• A survey of 750 clients of the Generations Family Health Center found that 35 percent missed at least one health care appointment in 2016 because of transportation issues. (cafca.org)
  • Methods: The Liberian Ministry of Health partnered with Last Mile Health, a nongovernmental organization, to implement a pilot CHW programme with enhanced recruitment, training, supervision and compensation. (harvard.edu)
  • According to the Ministry of Health, numbers of doctors, hospital beds, the types of health care and medical treatments in large cites are approaching levels in industrialized countries. (springer.com)
  • The Ministry of Health and Family Welfare is an Indian government ministry charged with health policy in India. (wikipedia.org)
  • Host Frank Stasio talks with Matt Bush, the news director of Blue Ridge Public Radio, Dr. Maureen Ben-Davies, a pediatrician from McDowell Pediatrics, Jon Oberlander, professor and chair of social medicine and professor of health policy and management at the University of North Carolina-Chapel Hill, and Julie Rovner, the chief Washington correspondent for Kaiser Health News about health care policy and services in rural North Carolina. (wunc.org)
  • Improve maternal health. (mun.ca)
  • Conclusion: Planning of different categories of health care facilities in different locations should be based on utilization rates while proper management of established facilities should aim to improve health seeking behavior of people. (who.int)
  • Nancy Heaton, CEO for the Foundation for Community Health in Sharon, said Litchfield County has studied options to improve transportation. (cafca.org)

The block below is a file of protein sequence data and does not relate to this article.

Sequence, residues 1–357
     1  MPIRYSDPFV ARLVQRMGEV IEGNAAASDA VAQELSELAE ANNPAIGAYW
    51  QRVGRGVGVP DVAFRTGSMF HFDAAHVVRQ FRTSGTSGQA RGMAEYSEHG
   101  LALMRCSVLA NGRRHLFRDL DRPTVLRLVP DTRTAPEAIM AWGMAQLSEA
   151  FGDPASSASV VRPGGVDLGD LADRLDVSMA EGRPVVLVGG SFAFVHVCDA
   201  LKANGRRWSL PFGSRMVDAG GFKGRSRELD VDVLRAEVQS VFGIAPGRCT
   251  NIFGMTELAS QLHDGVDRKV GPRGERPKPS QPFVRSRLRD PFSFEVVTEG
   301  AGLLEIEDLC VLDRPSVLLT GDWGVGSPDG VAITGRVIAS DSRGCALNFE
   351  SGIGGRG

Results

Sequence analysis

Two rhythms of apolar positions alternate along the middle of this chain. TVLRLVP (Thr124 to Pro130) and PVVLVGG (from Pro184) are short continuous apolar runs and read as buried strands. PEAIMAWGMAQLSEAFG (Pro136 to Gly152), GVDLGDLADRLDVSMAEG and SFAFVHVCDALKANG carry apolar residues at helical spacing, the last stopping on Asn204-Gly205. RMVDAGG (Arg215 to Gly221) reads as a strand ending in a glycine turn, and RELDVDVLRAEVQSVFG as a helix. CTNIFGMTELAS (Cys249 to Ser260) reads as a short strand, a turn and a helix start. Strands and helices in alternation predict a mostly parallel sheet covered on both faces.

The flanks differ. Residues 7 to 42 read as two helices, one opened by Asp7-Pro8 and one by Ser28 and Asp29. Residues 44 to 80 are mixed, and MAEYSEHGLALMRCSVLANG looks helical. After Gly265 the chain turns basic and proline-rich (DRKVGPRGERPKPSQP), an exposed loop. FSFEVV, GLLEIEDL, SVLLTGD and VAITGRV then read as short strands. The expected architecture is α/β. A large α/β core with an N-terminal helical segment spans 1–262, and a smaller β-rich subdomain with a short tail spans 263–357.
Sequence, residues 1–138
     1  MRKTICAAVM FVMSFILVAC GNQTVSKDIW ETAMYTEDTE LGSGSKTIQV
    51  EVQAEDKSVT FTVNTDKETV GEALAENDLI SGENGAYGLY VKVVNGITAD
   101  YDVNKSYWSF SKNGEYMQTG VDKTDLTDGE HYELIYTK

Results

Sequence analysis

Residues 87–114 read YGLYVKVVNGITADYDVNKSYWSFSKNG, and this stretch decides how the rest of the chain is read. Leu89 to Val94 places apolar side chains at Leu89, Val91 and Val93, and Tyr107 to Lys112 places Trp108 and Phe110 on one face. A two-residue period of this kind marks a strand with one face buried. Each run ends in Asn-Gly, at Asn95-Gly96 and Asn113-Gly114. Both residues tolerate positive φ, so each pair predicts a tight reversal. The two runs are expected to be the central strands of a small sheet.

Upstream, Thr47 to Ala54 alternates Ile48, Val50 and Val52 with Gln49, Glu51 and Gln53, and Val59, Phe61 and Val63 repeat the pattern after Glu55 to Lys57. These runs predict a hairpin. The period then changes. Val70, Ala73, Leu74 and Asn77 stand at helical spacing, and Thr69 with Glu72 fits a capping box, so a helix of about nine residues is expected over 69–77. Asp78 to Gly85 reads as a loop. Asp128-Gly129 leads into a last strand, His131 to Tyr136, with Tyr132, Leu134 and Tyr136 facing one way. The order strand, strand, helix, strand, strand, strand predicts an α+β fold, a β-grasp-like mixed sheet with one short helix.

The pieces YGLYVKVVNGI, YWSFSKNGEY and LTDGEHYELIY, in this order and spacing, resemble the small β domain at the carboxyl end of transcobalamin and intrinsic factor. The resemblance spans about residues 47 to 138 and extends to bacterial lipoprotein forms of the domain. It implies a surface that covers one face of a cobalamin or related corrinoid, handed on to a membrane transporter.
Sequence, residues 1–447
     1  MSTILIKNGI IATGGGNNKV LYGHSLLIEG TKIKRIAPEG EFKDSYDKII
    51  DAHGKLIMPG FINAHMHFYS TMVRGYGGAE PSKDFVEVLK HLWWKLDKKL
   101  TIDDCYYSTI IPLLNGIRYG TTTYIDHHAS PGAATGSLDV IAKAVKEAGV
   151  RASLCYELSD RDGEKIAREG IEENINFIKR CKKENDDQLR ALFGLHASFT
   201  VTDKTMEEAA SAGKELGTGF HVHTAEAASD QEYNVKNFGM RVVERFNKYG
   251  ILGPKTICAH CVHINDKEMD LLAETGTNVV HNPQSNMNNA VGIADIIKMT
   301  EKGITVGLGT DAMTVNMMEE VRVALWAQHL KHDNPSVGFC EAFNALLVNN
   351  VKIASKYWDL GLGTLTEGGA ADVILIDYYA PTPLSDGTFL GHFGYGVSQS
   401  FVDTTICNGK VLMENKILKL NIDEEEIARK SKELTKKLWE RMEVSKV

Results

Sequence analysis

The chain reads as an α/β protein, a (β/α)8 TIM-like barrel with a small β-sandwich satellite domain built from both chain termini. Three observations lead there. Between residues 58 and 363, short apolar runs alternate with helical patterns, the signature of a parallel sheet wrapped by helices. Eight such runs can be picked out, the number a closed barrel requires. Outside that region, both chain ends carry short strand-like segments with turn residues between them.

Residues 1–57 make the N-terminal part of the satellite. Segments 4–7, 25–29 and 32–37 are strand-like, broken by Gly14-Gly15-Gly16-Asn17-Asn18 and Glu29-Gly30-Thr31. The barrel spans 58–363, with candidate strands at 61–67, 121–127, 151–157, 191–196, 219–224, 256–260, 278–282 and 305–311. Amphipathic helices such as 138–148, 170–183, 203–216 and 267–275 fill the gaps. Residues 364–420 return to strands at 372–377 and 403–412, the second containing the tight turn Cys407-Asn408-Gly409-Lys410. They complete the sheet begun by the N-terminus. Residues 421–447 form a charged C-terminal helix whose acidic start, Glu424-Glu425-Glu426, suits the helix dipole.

• While there is abundant literature on making healthcare programs integrated, interdisciplinary and managed in order to reduce fragmentation and improve continuity and coordination of care, only some part of this relates to rural issues. (rrh.org.au)
  • DHS continues to work with the Wisconsin Hospital Association and the Rural Wisconsin Health Cooperative to provide technical assistance to interested organizations prior to a second request for applications, tentatively scheduled to be issued in the spring of 2019. (wisconsin.gov)
  • On Monday 16th December 2019, representatives of all 31 local authorities in Ireland gathered for a formal ceremony in Slane Castle to receive their charters from the Taoiseach Leo Varadkar, T.D. and Alana Officer of the World Health Organisation, as part of a special recognition ceremony. (clarecoco.ie)
  • Local Health has been developed as part of the Heath Profiles programme, which is produced by Public Health England. (rsnonline.org.uk)
  • Moreover, improved PHC will lead to continuous health education for the public. (mun.ca)
  • These specially designed service models may rely on transport and information infrastructure - which is one of the reasons why the NRHA is concerned with things like broadband and telephony, public transport, and patients' assisted transport schemes. (ruralhealth.org.au)
  • To receive news and publication updates for Journal of Environmental and Public Health, enter your email address in the box below. (hindawi.com)
  • The global public health focus is gradually concentrating more on the non-communicable diseases (NCDs), owing to the progressively increasing trend in the burden of NCDs worldwide including the developing countries. (omicsonline.org)
  • Among these NCDs, the silent epidemic of diabetes currently has become one of the most worrisome public health concerns [ 1 - 3 ]. (omicsonline.org)
  • Application forms for abstracts are available at the I-CASH Web site, www.public-health.uiowa.edu/icash/ , or by calling 319-335-4224. (uiowa.edu)